Storytelling, Perspective, Communication

by Edward Henkler on August 19, 2014

The goal of communication is to transmit information to the listener.  Yes, I know we need to spend more time listening and it is a frequent post topic.  In this case however, I’m referencing those judiciously chosen moments when we are speaking.  Speakers can overwhelm you with knowledge, insights, or sometimes just words.  The most effective speakers (think Abraham Lincoln) strove for a simple and cogent message.  Remembering the goal of transmitting information to the listener, they focused on the most effective way to have their message understood.  There is no need to impress you with my erudition (I mean prove I’m smart).  I just want you to hear me and be eager to implement my guidance.


Storytelling – open book of internet story

Storytelling has long been recognized as an exceptionally effective means of delivering a message.  Humans have been remembering stories from the earliest moments of civilization.  An illustrative story is far more likely to be remembered than an instruction manual but let’s go one step further.  I recently read Joel Rosenberg’s “The Auschwitz Escape”, a harrowing tale and love story based on the reality of the Holocaust.  I would have previously said I was knowledgeable about the subject but now realize how little I understood.  As long time readers know, I am a lover of fiction while simultaneously recognizing the value of business books.  Joel’s story will stick with me the way histories never did, yet I have a good friend who not even pick up a work of fiction.  That’s neither good nor bad, just the reality of how you must communicate differently with different audiences.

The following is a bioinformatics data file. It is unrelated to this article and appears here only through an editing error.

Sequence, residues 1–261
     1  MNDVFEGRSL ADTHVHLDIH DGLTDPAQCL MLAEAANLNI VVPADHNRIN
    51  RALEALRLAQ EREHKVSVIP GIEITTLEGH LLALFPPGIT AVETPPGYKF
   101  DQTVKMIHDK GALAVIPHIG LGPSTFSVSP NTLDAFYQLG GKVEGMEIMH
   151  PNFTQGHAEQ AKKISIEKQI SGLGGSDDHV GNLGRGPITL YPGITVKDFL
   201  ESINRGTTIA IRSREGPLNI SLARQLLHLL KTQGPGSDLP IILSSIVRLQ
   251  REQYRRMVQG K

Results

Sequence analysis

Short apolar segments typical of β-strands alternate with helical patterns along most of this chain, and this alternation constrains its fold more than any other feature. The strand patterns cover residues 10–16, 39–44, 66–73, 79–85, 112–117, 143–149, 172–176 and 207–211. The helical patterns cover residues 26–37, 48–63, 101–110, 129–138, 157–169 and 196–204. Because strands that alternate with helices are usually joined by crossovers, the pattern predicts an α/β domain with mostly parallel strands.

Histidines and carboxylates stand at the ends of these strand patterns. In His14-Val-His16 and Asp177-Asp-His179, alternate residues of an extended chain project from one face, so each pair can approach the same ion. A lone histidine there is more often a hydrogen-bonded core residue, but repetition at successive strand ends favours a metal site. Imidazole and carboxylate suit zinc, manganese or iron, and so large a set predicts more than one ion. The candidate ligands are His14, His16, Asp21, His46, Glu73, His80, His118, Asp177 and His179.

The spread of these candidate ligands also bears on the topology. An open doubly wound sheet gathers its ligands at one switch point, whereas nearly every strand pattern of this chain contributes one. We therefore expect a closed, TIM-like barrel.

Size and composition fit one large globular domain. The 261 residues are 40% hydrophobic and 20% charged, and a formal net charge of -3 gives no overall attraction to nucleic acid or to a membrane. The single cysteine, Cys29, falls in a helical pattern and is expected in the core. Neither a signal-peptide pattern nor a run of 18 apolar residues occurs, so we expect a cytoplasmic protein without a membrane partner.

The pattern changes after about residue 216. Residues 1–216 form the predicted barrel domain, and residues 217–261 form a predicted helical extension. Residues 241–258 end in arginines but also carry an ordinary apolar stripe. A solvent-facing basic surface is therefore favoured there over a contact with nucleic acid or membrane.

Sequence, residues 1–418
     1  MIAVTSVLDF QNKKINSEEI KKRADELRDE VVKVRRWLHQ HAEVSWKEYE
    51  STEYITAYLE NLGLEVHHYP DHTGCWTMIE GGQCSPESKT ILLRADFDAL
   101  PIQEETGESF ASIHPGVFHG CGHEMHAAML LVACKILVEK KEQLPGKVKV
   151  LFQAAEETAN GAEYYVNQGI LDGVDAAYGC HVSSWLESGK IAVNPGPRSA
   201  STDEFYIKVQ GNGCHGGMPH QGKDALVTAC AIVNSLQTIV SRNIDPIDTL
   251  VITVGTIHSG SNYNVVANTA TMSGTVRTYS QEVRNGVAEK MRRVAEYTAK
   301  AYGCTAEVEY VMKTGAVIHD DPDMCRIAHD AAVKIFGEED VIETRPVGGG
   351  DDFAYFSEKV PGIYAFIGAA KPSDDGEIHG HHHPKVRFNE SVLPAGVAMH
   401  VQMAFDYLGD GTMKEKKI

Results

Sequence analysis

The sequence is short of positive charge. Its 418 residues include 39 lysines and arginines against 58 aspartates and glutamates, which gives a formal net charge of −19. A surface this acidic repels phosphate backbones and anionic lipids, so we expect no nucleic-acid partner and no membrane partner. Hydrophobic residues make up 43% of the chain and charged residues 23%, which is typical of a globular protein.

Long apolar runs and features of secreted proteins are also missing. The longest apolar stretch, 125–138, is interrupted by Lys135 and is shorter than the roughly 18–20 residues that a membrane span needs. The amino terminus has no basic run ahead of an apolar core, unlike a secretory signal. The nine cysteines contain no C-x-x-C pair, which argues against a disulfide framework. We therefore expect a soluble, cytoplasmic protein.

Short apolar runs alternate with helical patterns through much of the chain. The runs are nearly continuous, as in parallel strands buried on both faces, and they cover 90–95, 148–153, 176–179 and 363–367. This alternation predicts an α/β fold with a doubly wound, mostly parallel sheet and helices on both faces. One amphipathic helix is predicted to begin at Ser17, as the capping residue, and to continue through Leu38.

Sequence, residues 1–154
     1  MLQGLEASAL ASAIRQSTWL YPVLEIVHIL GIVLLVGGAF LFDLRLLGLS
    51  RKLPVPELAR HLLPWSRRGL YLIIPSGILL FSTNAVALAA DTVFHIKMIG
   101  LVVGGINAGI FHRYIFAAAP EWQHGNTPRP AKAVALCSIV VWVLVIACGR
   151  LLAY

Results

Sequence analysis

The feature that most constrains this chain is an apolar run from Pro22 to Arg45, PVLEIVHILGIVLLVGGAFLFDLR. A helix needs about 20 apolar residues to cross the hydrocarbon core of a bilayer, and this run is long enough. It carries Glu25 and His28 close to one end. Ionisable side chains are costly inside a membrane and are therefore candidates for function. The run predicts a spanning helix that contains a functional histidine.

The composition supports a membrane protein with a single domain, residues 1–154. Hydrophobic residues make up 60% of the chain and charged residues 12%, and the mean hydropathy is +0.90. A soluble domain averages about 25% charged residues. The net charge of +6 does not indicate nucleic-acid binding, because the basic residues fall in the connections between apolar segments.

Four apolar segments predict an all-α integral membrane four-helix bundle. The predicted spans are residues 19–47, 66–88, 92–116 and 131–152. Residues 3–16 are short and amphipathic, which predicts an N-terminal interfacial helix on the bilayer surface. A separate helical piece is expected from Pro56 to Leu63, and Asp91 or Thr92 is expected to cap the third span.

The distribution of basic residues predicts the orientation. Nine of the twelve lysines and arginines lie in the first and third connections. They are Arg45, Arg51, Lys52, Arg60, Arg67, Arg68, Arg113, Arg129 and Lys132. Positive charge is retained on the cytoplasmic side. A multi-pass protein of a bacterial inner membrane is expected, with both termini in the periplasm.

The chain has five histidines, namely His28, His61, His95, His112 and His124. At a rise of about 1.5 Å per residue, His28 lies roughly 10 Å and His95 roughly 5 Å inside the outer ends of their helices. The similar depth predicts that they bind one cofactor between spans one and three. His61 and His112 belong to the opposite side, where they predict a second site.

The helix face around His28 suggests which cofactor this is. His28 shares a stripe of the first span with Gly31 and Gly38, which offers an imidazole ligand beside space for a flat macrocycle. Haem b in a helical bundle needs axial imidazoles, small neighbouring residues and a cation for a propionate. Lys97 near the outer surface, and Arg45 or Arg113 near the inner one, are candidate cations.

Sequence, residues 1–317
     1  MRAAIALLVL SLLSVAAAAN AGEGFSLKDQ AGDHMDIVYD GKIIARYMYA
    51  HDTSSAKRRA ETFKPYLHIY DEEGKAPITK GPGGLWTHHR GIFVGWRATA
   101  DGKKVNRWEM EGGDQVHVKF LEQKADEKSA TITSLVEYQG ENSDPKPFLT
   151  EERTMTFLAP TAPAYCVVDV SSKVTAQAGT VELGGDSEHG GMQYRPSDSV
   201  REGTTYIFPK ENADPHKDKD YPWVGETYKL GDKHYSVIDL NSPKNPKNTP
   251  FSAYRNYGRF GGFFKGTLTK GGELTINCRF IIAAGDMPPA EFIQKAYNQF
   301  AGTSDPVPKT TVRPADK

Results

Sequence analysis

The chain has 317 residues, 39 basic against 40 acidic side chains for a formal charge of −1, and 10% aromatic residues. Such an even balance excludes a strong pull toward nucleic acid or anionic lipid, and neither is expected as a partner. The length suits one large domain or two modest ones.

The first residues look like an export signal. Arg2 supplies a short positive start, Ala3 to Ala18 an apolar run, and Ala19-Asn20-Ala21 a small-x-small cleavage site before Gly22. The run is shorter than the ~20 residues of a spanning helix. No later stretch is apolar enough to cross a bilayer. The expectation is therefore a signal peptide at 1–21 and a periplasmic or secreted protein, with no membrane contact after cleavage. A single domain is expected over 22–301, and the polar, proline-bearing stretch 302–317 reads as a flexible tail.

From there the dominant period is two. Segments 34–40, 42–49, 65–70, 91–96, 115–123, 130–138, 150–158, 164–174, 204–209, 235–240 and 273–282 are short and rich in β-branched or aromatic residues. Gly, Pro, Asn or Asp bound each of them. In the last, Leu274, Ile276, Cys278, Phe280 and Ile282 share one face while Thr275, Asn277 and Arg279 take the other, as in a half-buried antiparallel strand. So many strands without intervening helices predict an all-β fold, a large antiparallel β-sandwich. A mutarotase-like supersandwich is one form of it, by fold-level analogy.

For me, bring on the historical fiction, science fiction and business fables.  For others, you better roll out the scholarly tome or PhD-penned business book.  Remember the goal is to be heard (and ditch the instruction manuals).

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